News to Me: Locarno, Peter Fonda, and John Coltrane
Award-winners Vitalina Varela and Pedro Costa at the Locarno Film Festival (Photo: Marco Abram)
1) The Locarno Film Festival wrapped up this weekend, with Portuguese filmmaker Pedro Costa winning the festival’s Golden Leopard for his latest feature Vitalina Varela. Awarded by an international jury headed by French filmmaker and novelist Catherine Breillat, honors also went to Height of the Wave (from South Korean director Park Jung-bum), which took home the Special Jury Prize, and Damien Manivel, who won the Leopard for Best Direction on his French/South Korean co-production, Les Enfants d’Isadora. You can hear our thoughts on these movies and more on the latest episode of The Film Comment Podcast.
2) Actor, director, and writer Peter Fonda passed away over the weekend at the age of 79. The son of Henry Fonda and the younger brother of Jane Fonda, Peter was a major figure in the counterculture movement of the ’60s, starring in the 1969 classic Easy Rider (which he also produced and co-wrote). Fonda’s career continued on both sides of the camera for decades, with his work in Ulee’s Gold earning him a nomination for Best Actor at the 1998 Academy Awards. Said the Fonda family in a statement, “In honor of Peter, please raise a glass to freedom.” Godspeed.
3) It’s 2019, and there’s a new John Coltrane album set to be released next month. That’s right, Blue World, a collection of recordings of the classic John Coltrane Quartet, will be released by Impulse! Records, Coltrane’s longtime label. Recorded at Van Gelder Studios on June 24, 1964, 10 minutes of the 37-minute album was originally used as the soundtrack for Gilles Groulx’s Québécoise new-wave film, Le chat dans le sac (“The Cat in the Bag,” 1964), which you can watch for free here. Blue World hits stores and streaming services on September 27.
4) If you can’t find the movie you were looking for on the Criterion Channel, chances are it might be on BFI Player. The film institute is embracing the modern movie-watching experience—unlike Cannes—with a new streaming service recently launched in the U.S. Featuring classics as well as new releases, the platform boasts collections for a variety of genres and time periods, as well as a remarkable collection of home movies, educational documentaries, and shorts.
5) Type “Laos Film” into Google and you’ll notice the first row of posters to pop up are all of films made after 2012. After years of political turmoil upset the country’s artistic culture, Laos is emerging with a new cinema despite limited production resources. Though only four movie theaters populate the Southeast Asian country, its capital city hosts the annual Vientienale, while Luang Prabang Film Festival is hosted in the former royal capital every December. Anysay Keola, a director credited with helping establish a Lao New Wave, explores Lao-Thai relations in the crime thriller Red Mekong, which screened at Locarno last week. Still curious? Culture Trip made a list of 10 films to watch before visiting Laos, and the team over at Asian Film Festivals (AFF) has provided some recommendations from all of the film festivals on the continent.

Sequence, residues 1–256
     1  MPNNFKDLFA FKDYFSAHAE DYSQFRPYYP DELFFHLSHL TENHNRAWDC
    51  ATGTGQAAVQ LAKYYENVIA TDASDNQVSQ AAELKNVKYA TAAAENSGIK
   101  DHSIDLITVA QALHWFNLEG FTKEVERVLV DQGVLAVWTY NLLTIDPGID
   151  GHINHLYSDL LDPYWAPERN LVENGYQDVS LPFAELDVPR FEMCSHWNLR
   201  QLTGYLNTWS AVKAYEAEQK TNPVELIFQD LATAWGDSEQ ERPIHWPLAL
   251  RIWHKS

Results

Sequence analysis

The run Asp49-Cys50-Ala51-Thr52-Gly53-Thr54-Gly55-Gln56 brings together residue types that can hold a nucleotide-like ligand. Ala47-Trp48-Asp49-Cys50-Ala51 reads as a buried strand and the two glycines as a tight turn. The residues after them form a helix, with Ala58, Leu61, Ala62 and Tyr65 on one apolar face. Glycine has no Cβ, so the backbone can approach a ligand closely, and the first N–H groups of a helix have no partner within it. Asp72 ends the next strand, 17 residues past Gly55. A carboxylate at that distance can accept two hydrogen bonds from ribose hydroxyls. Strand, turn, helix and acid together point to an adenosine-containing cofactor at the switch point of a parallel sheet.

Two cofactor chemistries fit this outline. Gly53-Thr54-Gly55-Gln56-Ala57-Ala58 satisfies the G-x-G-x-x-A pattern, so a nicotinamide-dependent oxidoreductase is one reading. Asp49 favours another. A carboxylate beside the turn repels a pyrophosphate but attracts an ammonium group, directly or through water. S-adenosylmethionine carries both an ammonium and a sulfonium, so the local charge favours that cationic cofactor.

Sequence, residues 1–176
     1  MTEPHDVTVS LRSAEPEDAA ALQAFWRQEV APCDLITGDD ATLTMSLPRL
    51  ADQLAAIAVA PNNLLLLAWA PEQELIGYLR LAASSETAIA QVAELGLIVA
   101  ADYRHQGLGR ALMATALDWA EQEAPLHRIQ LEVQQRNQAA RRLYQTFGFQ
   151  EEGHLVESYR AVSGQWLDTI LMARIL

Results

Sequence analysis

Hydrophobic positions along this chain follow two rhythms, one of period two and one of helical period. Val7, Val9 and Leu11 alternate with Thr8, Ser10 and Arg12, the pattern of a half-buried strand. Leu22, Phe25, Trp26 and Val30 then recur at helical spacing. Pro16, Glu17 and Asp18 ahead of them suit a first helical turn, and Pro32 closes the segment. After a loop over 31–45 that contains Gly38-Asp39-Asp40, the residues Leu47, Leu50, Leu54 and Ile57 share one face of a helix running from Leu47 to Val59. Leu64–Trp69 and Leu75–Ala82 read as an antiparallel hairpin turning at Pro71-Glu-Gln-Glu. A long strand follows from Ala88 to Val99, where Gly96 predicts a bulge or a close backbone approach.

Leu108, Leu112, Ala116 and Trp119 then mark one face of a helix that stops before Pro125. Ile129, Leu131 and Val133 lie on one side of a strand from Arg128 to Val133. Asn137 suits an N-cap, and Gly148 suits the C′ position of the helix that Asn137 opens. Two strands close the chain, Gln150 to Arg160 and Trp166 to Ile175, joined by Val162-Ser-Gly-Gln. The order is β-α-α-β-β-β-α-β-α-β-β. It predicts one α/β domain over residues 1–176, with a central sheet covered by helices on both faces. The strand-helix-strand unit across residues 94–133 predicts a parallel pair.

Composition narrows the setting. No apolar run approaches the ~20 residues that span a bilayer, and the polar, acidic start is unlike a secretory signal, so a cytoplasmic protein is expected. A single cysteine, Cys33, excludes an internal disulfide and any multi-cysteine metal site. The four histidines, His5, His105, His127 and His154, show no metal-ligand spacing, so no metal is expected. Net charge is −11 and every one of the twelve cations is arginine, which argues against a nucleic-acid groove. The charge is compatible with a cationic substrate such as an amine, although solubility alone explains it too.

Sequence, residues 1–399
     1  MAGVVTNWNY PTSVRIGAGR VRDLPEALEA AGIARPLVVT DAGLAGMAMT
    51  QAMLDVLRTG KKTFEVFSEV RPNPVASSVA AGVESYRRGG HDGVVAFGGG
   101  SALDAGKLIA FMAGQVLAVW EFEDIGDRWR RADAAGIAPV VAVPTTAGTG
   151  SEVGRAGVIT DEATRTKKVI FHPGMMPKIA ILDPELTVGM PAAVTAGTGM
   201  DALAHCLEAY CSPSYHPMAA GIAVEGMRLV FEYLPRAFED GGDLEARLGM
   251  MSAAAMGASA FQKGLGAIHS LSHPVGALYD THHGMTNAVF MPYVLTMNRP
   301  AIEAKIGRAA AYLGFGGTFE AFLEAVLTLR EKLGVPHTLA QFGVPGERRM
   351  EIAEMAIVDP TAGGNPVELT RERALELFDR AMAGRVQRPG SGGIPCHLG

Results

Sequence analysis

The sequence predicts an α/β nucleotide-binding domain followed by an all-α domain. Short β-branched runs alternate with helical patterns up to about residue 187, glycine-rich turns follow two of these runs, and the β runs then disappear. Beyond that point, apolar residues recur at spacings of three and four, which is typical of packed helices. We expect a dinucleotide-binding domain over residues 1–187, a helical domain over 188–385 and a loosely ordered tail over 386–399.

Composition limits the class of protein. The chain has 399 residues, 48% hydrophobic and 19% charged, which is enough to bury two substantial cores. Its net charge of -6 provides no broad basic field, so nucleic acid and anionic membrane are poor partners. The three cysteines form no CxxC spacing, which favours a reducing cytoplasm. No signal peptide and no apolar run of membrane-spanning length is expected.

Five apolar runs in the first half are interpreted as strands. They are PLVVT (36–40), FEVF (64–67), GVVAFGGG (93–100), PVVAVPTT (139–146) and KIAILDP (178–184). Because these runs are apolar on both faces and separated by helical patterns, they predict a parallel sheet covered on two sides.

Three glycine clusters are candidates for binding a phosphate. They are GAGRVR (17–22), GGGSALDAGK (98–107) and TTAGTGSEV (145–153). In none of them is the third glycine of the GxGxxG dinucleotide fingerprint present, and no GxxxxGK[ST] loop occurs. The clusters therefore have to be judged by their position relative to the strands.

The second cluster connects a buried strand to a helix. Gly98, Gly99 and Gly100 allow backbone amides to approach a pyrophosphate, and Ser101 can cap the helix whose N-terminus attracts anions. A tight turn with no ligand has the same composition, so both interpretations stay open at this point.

6) Speaking of Thailand, this summer marks the 10th anniversary of the Thai Film Archive’s re-establishment as a public organization focused on celebrating international cinema through curated series and preserving Thai films—a not-so-simple task due to the regional climate and fragile condition of the reels. The TFA recently featured the photography of cinematographer Thae Prakasvudhisarn in a Google Arts and Culture slide, whose work captured Thai life through film and news broadcasts as it unfolded during the 1950s and ’60s.
7) Mia Hansen-Løve’s next project, Bergman Island, recommenced shooting this summer. The film follows a screenwriting couple spending a summer on Färö Island, of Ingmar Bergman fame. Last year in Film Comment, Olivier Assayas ruminated on the Swedish director’s legacy on his 100th anniversary: “It’s hard for me to find Bergman in contemporary cinema . . . I see his absence as a terrible void.”
8) The Cinémathèque Française is gearing up for a retrospective on Nicholas Ray, screening 27 of his films over the course of a month. The American director, best known for his work on American classics Rebel Without a Cause (1955) and The American Friend (1977), passed away 40 years ago this summer. Ray gave his final interview to director Kathryn Bigelow in 1979 while taking a break from working with Wim Wenders; read it on the Nicholas Ray Foundation website.
9) Yorgos Lanthimos teamed up with Matt Dillon for the “twisted” fantasy Nimic, Lanthimos’ foray into short films, which premiered at Locarno. The Greek director is currently at work on Pop. 1280, an adaptation of Jim Thompson’s 1964 crime novel.
10) The experimental animation of NYFF Projections alumna Jodie Mack is, perhaps temporarily, available for home viewing. The director, who has created 16mm stop-motion films employing intricately patterned fabrics, spoke a few months ago at Film at Lincoln Center about her film The Grand Bizarre. We leave you this week with Mack’s 2003 film Two-Hundred Feet: